Yesterday, I watched IMAX Under the Sea on DVD with my son Griffin, who is turning five years old in two weeks, and it was a beautifully heartbreaking experience. The film documents the incredible beauty of undersea life surround Papua New Guinea and the islands of Micronesia. And then proceeds to show and discuss coral reefs bleaching and dying and marine life species like sea lions struggling to survive due to global warming and ocean acidification. Let me tell you, those sea lions have some big, sad, powerful eyes.
Griffin has a few things he’d like to say to us grownups, so I’m turning this blog over to him, Q&A style.
Q: Griffin, what did you learn about what’s happening in the ocean from Under the Sea?
A: Carbon dioxide is making the sea lions and the sea rays be dying.
Q: What things do we need to do at home to help the planet?
A: Don’t turn on lights. Don’t go so far downtown. Recycle.
Q: What one thing would you say to all the grownups who read this?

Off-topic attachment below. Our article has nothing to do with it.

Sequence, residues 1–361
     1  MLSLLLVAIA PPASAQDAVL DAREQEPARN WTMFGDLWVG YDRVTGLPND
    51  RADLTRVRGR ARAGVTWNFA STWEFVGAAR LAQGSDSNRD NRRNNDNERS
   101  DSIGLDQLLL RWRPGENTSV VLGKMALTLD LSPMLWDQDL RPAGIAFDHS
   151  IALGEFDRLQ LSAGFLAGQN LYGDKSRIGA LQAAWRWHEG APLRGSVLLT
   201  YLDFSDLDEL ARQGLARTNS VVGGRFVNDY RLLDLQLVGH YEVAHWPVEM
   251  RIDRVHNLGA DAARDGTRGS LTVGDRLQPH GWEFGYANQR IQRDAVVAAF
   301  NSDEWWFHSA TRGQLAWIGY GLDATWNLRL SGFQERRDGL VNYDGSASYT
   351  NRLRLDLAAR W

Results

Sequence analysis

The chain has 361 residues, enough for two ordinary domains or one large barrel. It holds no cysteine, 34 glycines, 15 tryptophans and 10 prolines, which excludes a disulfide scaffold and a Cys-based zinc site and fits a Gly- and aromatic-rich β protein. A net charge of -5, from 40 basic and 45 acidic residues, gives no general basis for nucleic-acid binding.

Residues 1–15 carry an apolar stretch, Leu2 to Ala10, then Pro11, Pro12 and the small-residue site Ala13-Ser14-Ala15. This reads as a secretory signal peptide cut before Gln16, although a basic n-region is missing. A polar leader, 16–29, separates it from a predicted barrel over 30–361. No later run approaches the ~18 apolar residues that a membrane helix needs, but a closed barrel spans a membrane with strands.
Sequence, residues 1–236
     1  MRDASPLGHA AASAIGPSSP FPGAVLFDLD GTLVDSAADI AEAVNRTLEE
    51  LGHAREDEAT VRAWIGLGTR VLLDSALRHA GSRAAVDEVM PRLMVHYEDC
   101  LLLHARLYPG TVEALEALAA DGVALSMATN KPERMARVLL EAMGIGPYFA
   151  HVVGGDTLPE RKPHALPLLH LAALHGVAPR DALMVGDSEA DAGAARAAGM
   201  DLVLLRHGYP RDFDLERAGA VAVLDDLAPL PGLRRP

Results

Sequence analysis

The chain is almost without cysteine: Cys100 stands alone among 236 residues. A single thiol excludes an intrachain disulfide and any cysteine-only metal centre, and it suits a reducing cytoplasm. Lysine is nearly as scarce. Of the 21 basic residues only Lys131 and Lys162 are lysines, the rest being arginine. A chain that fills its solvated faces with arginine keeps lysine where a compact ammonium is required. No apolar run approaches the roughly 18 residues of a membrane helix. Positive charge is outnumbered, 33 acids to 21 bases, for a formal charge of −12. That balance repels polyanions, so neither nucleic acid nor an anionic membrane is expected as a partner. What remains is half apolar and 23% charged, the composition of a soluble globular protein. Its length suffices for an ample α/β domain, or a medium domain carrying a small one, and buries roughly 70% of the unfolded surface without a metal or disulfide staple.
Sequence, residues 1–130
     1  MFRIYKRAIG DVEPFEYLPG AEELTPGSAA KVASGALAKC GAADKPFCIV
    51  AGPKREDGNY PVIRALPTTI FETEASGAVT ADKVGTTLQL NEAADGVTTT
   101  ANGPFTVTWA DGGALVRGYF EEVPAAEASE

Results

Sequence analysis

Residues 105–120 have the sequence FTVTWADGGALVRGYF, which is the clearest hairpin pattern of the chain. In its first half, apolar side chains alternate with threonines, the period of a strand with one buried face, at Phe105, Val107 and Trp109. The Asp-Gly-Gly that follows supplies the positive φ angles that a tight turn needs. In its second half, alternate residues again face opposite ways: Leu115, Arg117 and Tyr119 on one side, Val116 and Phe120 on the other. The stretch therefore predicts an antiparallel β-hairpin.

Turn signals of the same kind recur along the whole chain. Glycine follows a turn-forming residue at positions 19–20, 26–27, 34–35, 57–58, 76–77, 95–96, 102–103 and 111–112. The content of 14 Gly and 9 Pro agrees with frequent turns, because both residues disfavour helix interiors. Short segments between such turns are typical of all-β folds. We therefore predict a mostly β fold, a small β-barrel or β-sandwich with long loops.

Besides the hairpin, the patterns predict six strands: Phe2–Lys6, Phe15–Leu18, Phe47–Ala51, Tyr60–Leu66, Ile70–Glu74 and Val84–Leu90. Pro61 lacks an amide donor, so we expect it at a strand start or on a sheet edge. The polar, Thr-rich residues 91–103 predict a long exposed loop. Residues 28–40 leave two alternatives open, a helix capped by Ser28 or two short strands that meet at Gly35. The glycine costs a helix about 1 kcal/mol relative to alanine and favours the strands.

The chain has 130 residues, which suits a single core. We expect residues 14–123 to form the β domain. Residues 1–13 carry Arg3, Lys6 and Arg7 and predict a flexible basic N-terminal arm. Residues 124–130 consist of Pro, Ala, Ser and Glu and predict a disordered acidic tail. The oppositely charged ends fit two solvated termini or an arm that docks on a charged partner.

A: Make less carbon.
Do you worry about what kind of planet we are leaving our kids? I do. Sometimes, I even wonder if I should have brought my beautiful child into it. Frequently, I honestly wish that the car would never have been invented.
After seeing this movie, my husband was going to drive downtown to pick up some burgers and we told him not to. And today, I was going to drive downtown and pick up a book, and decided not to. We’ve all got to start getting serious about emissions reduction. I’ll be the first to point out that I’m being a bit of a hypocrite by even writing this: our family has three SUVs. I’d love to trade those in on three hybrids, but that’s just not practical. Hopefully at least one hybrid in the very near future.
We are keeping it top of mind. Talking about it. Taking small steps, like fewer unnecessary trips. And asking you to do the same. Please. For the sake of the kids. The coral. The sea lions. And everything else that lives Under the Sea, and above sea level.
The film ends on the assertion that we finally seem ready to take responsibility for our actions. Are we? Any response to the five-year-old boy asking you to act on it? Or can you share things you are doing?